Beyond this bilateral context, it is also important to strengthen coordination and cooperation with other partners for the peace and stability of the region. A Japan-India-U.S. Trilateral dialogue among the Foreign Ministers of the three countries was held for the first time in New York last year. I firmly believe the strategic value of this trilateral and welcome recent positive developments. We look forward to continuing high level exchanges among the three countries with a view to creating tangible results. The result-oriented approach is also the key in this cooperation. With regard to regional frameworks, Japan strongly supports India’s membership of the APEC as it would contribute to the economic integration in the region. We expect India to play further active role in the East Asia Summit. I hope to have more policy coordination between India and Japan together with other likeminded countries of EAS. As a dialogue partner of the Indian Ocean Rim Association (IORA), Japan is keen to see how this association evolves.
While Japan and India as well as our partner countries are determined to contribute to peace and stability of the region, they also face challenges. Unilateral action to change the status quo by force or coercion is a great concern for all of us. The arbitration award in the case between the Philippines and China for the South China Sea issue will be an important test case to judge whether the rule of law prevails in the region. Japan and India must continue to make clear that this award be complied with for the sake of the rule of law.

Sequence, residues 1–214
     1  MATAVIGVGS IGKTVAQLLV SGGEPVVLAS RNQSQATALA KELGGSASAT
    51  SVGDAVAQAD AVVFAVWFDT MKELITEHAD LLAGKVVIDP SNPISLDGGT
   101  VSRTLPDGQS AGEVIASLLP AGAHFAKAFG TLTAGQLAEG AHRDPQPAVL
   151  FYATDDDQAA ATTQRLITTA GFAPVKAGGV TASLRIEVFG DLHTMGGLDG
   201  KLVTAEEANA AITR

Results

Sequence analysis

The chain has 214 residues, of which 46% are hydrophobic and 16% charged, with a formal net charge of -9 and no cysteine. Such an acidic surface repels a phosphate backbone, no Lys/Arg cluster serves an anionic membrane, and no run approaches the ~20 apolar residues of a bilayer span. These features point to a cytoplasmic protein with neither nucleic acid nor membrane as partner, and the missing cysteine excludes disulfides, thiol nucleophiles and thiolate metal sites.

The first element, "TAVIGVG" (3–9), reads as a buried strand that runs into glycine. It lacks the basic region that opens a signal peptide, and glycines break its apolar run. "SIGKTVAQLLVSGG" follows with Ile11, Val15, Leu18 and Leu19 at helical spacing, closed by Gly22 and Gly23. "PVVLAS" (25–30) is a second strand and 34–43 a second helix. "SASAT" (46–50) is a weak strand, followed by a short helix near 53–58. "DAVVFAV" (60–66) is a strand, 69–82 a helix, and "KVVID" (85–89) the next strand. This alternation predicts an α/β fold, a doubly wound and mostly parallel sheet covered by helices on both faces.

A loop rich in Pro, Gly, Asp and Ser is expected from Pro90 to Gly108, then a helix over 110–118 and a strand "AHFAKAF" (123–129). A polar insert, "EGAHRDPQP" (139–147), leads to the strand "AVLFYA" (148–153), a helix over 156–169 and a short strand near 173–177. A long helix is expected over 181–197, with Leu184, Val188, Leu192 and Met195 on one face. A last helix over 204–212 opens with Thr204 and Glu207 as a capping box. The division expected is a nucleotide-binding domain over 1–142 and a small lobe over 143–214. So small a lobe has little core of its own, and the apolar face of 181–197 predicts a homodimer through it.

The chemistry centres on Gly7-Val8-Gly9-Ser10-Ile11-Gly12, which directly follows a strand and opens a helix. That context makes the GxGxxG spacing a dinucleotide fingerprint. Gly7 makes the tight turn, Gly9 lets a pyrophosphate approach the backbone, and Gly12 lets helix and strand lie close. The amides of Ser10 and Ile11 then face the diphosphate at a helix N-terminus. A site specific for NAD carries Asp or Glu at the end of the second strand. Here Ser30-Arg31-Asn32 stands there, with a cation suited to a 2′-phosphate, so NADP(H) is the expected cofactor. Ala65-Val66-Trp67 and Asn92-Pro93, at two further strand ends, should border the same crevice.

Another challenge is the threat of terrorism. Japan strongly condemns the terrorist attack on the Indian Base in Uri, Jammu and Kashmir, and extends its sincere condolences to those who lost their lives and their bereaved families, and expresses its heartfelt sympathy to those who were injured. Japan condemns terrorism in all forms regardless of its purposes, and strongly reiterates that no act of terrorism can be justified. Japan expresses its solidarity with India in the fight against terrorism.
North Korea’s continued development of its nuclear weapons and ballistic missile programmes are serious security threats in the region, too. Japan, India and other major powers should be united in urging North Korea to fully comply with its international obligation and abandon its nuclear weapons. We also expect India’s continuous support for Japan on the abduction issue.
This conference is very timely and relevant given the strategic and security environment surrounding the two countries and the region today. I expect that discussions of this conference will contribute not only to further deepening the bilateral relationship but also to promoting peace, stability and prosperity of the Indo-Pacific region.
Thank you very much.